For your selection

Australian Newspapers beta,

As regular readers will know, the Bioscope tries to keep an eye on the various newspaper and journal digitisation projects taking place around the world, some commercially-driven, some undertaken with public money. One long-awaited project has been the Australian Newspaper Digitisation Program, which has just reached the Beta test stage.

The National Library of Australia, in collaboration the Australian State and Territory libraries, is undertaking a huge, long-term programme to digitise out of copyright Australian newspapers. The aim is to produce a free online service allowing full-text searching of newspapers published in each Australian state an territory, from 1803 (when the first Australian newspaper was published, in Sydney), to 1954, when copyright kicks in (intriguingly late).

The programme is ongoing, but on 25 July a Beta service was released to the public, offering 70,000 newspaper pages from 1803 onwards, with additional pages to be added each week (as of 8 August there are 91,577 pages available). The service is very much in test mode, and they request that users provide feedback (while bearing in mind that the service is not official as yet).

So, how do we go about using it, and what is there to find on silent film? Simple search options are by any word within a text (uncorrected OCR), newspaper title (currently eleven on offer), state and date (with an attractively laid-out calendar option). You can use inverted commas to search on a phrase. The many advanced search options include combinations of terms, range of dates, length of article, and the option to search under types of article – advertising, detailed lists etc., family notices, news, and illustrated. You can also sort results by relevance, earliest or most recent date. In short, all the useful options that you would hope to see.

Article display page

Search results give a list of article titles with the name of the newspaper, date, page number and the first few lines of OCRed text. Most usefully, you are also given links for the same search term to the Australian National Bibiliographic Database and Picture Australia. The Article Display page, as illustrated above, shows the article with the search term highlighted, a zoom option and option to see the full page. On the left is the uncorrected OCR text, and options to add your own tags or comments (if you are logged in). And you can print, save as PDF, or save as image. Which pretty much covers everything.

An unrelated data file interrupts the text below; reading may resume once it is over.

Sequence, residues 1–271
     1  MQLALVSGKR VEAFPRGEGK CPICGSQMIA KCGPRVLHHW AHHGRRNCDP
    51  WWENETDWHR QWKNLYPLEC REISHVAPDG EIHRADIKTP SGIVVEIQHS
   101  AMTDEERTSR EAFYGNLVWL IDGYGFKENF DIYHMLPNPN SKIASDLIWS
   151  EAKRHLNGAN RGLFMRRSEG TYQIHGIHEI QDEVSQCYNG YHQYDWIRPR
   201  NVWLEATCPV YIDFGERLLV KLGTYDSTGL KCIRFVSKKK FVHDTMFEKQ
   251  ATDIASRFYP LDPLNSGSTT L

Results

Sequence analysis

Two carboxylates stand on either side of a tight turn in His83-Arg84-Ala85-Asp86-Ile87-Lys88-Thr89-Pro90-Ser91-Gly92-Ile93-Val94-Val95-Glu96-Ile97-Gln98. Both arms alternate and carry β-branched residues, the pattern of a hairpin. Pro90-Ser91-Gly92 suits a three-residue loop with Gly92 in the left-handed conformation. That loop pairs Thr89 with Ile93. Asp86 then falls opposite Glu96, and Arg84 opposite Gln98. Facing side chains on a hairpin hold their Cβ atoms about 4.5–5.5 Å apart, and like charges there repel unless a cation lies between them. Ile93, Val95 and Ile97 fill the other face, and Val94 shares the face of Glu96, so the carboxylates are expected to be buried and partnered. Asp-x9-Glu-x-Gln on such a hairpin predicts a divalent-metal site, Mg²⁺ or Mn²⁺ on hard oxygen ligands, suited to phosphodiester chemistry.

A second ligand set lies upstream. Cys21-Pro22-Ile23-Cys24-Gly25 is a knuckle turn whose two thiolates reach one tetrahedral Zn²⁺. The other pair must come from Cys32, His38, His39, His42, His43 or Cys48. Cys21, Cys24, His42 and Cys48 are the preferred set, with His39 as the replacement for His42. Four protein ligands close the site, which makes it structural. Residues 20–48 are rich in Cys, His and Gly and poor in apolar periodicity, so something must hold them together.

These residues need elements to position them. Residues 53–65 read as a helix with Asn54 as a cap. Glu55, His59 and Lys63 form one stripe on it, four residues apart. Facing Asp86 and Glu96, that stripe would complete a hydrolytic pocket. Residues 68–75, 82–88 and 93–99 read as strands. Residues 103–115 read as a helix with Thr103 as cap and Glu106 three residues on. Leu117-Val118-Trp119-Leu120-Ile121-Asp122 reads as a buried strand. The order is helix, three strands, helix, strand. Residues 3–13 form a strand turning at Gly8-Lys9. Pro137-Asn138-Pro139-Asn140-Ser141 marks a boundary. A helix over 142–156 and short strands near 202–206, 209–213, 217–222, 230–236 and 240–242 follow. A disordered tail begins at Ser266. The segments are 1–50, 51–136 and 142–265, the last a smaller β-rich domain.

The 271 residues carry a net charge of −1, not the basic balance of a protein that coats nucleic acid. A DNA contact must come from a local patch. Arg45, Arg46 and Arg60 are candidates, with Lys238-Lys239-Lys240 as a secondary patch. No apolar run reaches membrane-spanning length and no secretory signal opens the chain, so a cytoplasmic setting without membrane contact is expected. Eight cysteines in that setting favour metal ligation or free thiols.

On film subjects, there is plenty – though with some surprising gaps, probably explained by the absence of those editions yet to be digitised. Inevitably, there much to be found on the early Australian film business itself. So, our traditional text term ‘kinetoscope’ yields only two hits (both from the 1920s). ‘Charlie Chaplin’ scores 927, ‘Mary Pickford’ 600, ‘Norma Talmadge’ 175, ‘Kinemacolor’ 32, ‘Vitagraph’ 123, ‘Cinematograph’ 685, and so on. Turning to Australian silent films, good subjects to investigate include ‘On Our Selection’ (280, but that includes stage versions and the 1932 sound film as well as the 1920 silent), ‘West’s Pictures’ (281 for a renowned exhibitor), ‘Frank Hurley’ (83 for Australia’s national photographer), ‘Australasian Films’ (79 for the leading native film company) and ‘Raymond Longford’ (27 for the film director).

Finally, if you visit the Browse page, there’s a list of all the tags (keywords) that have been used to classify items – these include ‘classic movies’, ‘movie stars’ and ‘silent films’, but sadly only one article so far is so described. Time for us all to get tagging.

I’ll be doing a fresh round-up of newspaper digitisation sites some time soon. Meanwhile, go explore.

4 responses

  1. It’s very interesting to hear about this site. Thanks for telling us about it. I accessed it, and then looked at the years which are covered,and there seems to be a gap at the moment between the 1880s and 1915. The next available title which will cover this gap is a Northern Territory newspaper. See
    Even so, as you say, there’s loads of information on there: another boon for the historian.

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